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Smart Appliance. Matt Kerchenfaut Natalie DiIorio Aaron Cohen. Table of Contents. Smart Appliance Overview Top Level View The Power Circuit The Communication Aspect. Smart Appliance Overview.

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smart appliance

Smart Appliance

Matt Kerchenfaut

Natalie DiIorio

Aaron Cohen

table of contents
Table of Contents
  • Smart Appliance Overview
  • Top Level View
  • The Power Circuit
  • The Communication Aspect
smart appliance overview
Smart Appliance Overview

The goal of this project is to allow the appliances in a home to send basic information to a central control system. This will be attempted by using a signal with a center frequency of 100kHz, and using the existing power lines associated with the home to carry the information desired. Pertinent information to be tracked for an appliance is the voltage, current, and power at a given time. Also for an appliance such as a refrigerator the temperature could be monitored in order to let the appliance conserve power by reducing the temperature setting if temperature is too low, etc.

advantages of power line communications
Advantages of PowerLine Communications
  • By using power-line communications the need for installing new communication networks is eliminated, thus reducing the cost of adding new technology to a home or system.
  • By reusing the existing power line wiring for data communication, installation time of the Smart Appliance is drastically reduced.
  • This product would allow the status of appliances to be determined, and therefore these can be monitored in order to optimize power consumption.
  • The Smart Appliance Communication Protocol would be beneficial to homes using alternate energy sources where power is limited and a key concern.
slide5

VOLTAGE SIGNALS

LED

DIP SWITCH

MUX

LED

TEMP SENSOR

LED DISPLAY

RECEIVING END

MICRO CONTROLLER

SENDING END

MICRO CONTROLLER

INVERTER

INVERTER

COMPARATOR

TWO INVERTERS

TWO INVERTERS

COMPARATOR

OP AMP

OP AMP

Power Circuit

Power Circuit

BUFFER

F

I

LTER

BUFFER

F

I

LTER

WALL OUTLET

WALL OUTLET

input signals
Input Signals

Micro-

Controller

Control Lines

Voltage

  • A variety of signals from an appliance can be sent to different inputs of the MUX. The MUX will choose the specific signal that needs to be read and send the corresponding signal to the microcontroller.

Analog

MUX

LF13509

Temperature

micro controller protection
Micro-Controller Protection

Micro-Controller Protection

  • The input to each of the micro-controllers are protected by using TTL inverters to ensure that only 0V or +5V will be seen at the I/O ports. The output of the comparator is fed into an inverter to provide a clean TTL signal to the input of the micro-controller. To protect the output port of the micro-controller, two inverters were used to make a extra buffer that would isolate the port from the high voltage side of our circuit.

Buffer

Micro-

Controller

Comparator

temperature sensor
Temperature Sensor
  • The LM335 temperature sensor allowed us to output a digital voltage level depending on the temperature. As the sensor was heated the voltage level decreased.
  • This was planned for two way communication in order to allow a signal to be sent to turn off an appliance when a threshold level was met (the appliance became too hot or cold).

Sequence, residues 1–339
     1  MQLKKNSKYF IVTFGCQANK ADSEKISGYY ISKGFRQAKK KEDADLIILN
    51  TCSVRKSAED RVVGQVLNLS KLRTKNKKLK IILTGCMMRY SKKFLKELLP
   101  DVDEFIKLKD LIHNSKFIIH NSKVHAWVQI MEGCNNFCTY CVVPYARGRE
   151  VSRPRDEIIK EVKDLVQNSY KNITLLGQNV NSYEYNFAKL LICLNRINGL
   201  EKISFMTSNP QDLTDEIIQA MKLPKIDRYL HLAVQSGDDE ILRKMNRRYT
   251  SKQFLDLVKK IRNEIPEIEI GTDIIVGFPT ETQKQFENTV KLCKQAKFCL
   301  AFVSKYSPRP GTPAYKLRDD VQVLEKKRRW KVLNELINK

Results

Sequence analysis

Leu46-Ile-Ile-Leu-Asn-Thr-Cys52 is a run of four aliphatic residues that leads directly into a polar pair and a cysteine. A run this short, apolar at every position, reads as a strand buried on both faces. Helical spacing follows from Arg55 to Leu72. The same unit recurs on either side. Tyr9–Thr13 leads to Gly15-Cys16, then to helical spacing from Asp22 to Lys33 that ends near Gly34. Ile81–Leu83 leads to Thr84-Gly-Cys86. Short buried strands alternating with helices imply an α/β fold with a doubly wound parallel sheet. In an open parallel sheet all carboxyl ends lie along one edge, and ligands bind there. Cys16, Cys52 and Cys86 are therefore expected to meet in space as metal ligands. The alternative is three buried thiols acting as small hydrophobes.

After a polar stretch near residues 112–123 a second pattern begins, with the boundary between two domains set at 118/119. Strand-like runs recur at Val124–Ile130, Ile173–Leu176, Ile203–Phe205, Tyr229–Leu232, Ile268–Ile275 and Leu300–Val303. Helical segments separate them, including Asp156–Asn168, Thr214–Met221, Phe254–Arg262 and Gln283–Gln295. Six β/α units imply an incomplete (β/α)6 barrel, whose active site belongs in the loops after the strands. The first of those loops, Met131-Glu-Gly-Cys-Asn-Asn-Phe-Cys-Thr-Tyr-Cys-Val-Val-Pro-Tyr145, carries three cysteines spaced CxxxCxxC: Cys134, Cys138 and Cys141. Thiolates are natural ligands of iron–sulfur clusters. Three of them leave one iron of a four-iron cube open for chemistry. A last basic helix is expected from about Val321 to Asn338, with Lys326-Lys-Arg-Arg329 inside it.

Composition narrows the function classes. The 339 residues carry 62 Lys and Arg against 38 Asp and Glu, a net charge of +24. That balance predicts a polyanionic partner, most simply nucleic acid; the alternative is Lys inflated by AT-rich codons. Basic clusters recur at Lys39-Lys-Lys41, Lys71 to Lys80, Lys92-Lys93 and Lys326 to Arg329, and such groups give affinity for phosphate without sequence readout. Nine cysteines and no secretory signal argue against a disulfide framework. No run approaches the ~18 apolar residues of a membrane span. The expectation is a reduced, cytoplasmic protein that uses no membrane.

buffer circuit
Buffer circuit
  • This circuit will be the method we use to introduce our signal into the power line.
  • This buffer circuit is designed in order to use a large impedance to create a voltage drop which will allow the two signals with unequal voltages to be connected.
  • Therefore we will use a small capacitance of 1000pF in order to achieve a high impedance. Xc = 1/(ωC) which is approximately 1MΩ.
filter
Filter
  • The focus of this circuit, which is located on the receiving end, is to pass our 125kHz signal in order to analyze the status of our appliance.
  • This circuit creates a large Xc impedance at 60Hz which we want in order to block the 60Hz signal in the power line. Also, the impedance at 125kHz will be effectively zero by using values which correspond to the resonant frequency.
filter calculations
Filter calculations
  • 1/sqrt(LC) = resonant frequency*2π
  • For our applications we want the impedances of the the inductor and capacitor to cancel at the resonant frequency so that the impedance seen by our signal is essentially zero.
  • At 60 Hz: Xc = 1/(ωC) = 2.6 MΩ
  • At 100kHz : Xc = 1/(ωC) = 1.6kΩ. Then by using the equation for the resonant frequency equation the corresponding inductance L =2.5mH.
  • Therefore the filter circuit creates a large Xc impedance at 60Hz which we want in order to block the power line signal. In addition, two additional capacitors were added to pass our high frequency signal and to further decrease the 60Hz component.
op amp
Op-Amp
  • An Op-Amp was used to amplify the signal to a value large enough for the comparator to read.
  • The LM747 (Dual LM741) Op-Amp was originally used, but the skew rate was too low for our needs. We replaced it with an LF356 Op-Amp.
  • The Op-Amp was used to make an inverting amplifier with a gain of about 25. Our input signal to the amplifier was about 1V p-p. The output signal was about 25 V p-p.
op amp continued
Op-Amp (continued)

/\/\/\/\/\/

Filter

Comparator

LF356

/\/\/\/\/\/

comparator
Comparator
  • We used a comparator to convert our sinusoidal output waveform from the Op-Amp to a square wave output. If the voltage was above the DC voltage that it is being compared to, +5V will be outputted. If it is below the DC value, 0V will be outputted.